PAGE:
When acting on the environment with another, it is critical that we understand the actions made possible by not only the properties of the environment, but by the capacity of the dyad. How we perceive these action possibilities, or affordances, for the dyad is a fundamental question in understanding joint action. The proposed project, JAP, aims to provide one of the first systematic and interdisciplinary – combining behavioural and neurophysiological data – investigations into the conditions under which affordances for the dyad (or joint affordances) are perceived, as well as the processes that underpin them.
The present project will use object-based stimulus-response compatibility paradigms, which produce response time and error data that can be used to measure affordance-elicited motor activation. Additionally, eye-tracking and electroencephalogram (EEG) data will be collected during these tasks to answer questions about the processes by which joint affordances are perceived. This data will be used to study: (1) the role of attention in joint affordances, (2) how perceiving others’ actions informs one’s own affordance perception, and (3) how social bonds modulate affordance perception.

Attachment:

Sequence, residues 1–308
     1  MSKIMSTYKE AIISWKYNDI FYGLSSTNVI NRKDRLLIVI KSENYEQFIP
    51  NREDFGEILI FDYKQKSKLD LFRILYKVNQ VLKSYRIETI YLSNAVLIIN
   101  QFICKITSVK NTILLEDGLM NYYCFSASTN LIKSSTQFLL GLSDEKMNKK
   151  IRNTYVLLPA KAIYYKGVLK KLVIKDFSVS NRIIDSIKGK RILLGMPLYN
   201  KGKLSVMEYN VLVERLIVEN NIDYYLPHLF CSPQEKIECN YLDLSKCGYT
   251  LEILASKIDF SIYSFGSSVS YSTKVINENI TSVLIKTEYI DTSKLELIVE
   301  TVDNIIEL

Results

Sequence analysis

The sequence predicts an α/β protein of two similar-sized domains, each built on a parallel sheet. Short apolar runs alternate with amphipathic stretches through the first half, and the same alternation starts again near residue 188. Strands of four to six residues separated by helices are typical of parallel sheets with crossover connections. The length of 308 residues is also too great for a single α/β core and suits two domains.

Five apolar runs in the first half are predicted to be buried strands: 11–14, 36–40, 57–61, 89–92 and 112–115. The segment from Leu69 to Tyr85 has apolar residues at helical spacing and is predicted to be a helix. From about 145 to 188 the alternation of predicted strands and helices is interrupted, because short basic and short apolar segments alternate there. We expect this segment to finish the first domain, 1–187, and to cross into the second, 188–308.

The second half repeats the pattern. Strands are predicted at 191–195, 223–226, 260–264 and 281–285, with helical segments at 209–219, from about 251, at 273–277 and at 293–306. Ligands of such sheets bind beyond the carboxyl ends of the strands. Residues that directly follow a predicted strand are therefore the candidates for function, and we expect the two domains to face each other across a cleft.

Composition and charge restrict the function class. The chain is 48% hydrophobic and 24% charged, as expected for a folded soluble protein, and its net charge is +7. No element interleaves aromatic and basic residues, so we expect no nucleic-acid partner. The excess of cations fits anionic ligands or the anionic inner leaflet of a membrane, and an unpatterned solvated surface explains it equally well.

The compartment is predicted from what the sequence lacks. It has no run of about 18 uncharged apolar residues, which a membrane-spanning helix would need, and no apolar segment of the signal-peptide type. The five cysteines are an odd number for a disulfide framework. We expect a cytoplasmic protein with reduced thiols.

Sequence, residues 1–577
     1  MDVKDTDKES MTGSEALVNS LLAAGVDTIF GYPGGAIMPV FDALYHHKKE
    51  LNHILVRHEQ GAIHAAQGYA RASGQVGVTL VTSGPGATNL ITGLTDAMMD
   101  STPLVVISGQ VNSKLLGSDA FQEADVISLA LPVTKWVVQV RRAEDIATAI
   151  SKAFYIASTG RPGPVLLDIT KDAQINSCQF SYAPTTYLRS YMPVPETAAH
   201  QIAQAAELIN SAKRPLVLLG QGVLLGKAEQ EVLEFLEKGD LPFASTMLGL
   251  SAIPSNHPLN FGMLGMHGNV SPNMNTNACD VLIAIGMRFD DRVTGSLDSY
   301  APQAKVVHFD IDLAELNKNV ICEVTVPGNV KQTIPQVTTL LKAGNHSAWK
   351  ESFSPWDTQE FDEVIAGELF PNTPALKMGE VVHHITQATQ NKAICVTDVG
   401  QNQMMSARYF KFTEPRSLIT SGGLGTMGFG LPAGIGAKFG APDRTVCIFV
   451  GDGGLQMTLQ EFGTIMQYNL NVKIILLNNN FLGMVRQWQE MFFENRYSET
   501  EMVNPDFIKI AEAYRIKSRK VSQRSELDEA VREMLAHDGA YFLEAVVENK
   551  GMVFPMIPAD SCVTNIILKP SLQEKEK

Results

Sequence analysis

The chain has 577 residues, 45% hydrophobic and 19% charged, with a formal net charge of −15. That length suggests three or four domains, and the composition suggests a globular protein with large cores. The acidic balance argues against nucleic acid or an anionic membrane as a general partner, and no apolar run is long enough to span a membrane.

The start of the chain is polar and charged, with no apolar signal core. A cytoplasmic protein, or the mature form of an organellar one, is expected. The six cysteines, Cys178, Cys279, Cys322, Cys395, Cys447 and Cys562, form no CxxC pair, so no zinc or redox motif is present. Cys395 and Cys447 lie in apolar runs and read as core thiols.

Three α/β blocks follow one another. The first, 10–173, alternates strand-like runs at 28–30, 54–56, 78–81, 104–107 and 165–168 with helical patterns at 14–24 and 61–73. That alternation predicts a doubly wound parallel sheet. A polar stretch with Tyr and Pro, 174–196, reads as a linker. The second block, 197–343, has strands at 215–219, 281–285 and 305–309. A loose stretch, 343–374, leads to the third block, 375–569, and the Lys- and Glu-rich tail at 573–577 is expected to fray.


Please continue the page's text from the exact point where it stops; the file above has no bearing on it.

Results from the proposed studies will provide novel insight into how we can rapidly and efficiently form joint action plans that account for action-relevant properties of the dyad and environment.
Call for proposal
See other projects for this call